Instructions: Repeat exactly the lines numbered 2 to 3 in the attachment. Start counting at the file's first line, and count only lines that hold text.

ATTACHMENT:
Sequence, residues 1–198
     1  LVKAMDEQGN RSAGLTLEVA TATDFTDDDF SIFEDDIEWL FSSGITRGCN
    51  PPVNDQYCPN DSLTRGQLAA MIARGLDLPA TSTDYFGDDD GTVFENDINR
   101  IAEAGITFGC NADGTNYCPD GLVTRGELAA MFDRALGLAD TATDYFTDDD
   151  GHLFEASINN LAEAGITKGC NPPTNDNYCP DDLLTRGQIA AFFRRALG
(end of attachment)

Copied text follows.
     1  LVKAMDEQGN RSAGLTLEVA TATDFTDDDF SIFEDDIEWL FSSGITRGCN
    51  PPVNDQYCPN DSLTRGQLAA MIARGLDLPA TSTDYFGDDD GTVFENDINR